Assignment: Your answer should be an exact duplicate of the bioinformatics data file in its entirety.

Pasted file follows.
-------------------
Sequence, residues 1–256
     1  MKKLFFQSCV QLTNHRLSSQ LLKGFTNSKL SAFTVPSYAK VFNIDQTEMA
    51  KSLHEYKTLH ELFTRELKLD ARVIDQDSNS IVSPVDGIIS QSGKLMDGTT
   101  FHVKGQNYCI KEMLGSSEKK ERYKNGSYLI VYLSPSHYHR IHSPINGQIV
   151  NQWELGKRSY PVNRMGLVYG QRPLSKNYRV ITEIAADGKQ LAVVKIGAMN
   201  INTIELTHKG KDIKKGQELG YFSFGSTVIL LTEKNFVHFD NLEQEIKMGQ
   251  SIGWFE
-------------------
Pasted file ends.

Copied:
Sequence, residues 1–256
     1  MKKLFFQSCV QLTNHRLSSQ LLKGFTNSKL SAFTVPSYAK VFNIDQTEMA
    51  KSLHEYKTLH ELFTRELKLD ARVIDQDSNS IVSPVDGIIS QSGKLMDGTT
   101  FHVKGQNYCI KEMLGSSEKK ERYKNGSYLI VYLSPSHYHR IHSPINGQIV
   151  NQWELGKRSY PVNRMGLVYG QRPLSKNYRV ITEIAADGKQ LAVVKIGAMN
   201  INTIELTHKG KDIKKGQELG YFSFGSTVIL LTEKNFVHFD NLEQEIKMGQ
   251  SIGWFE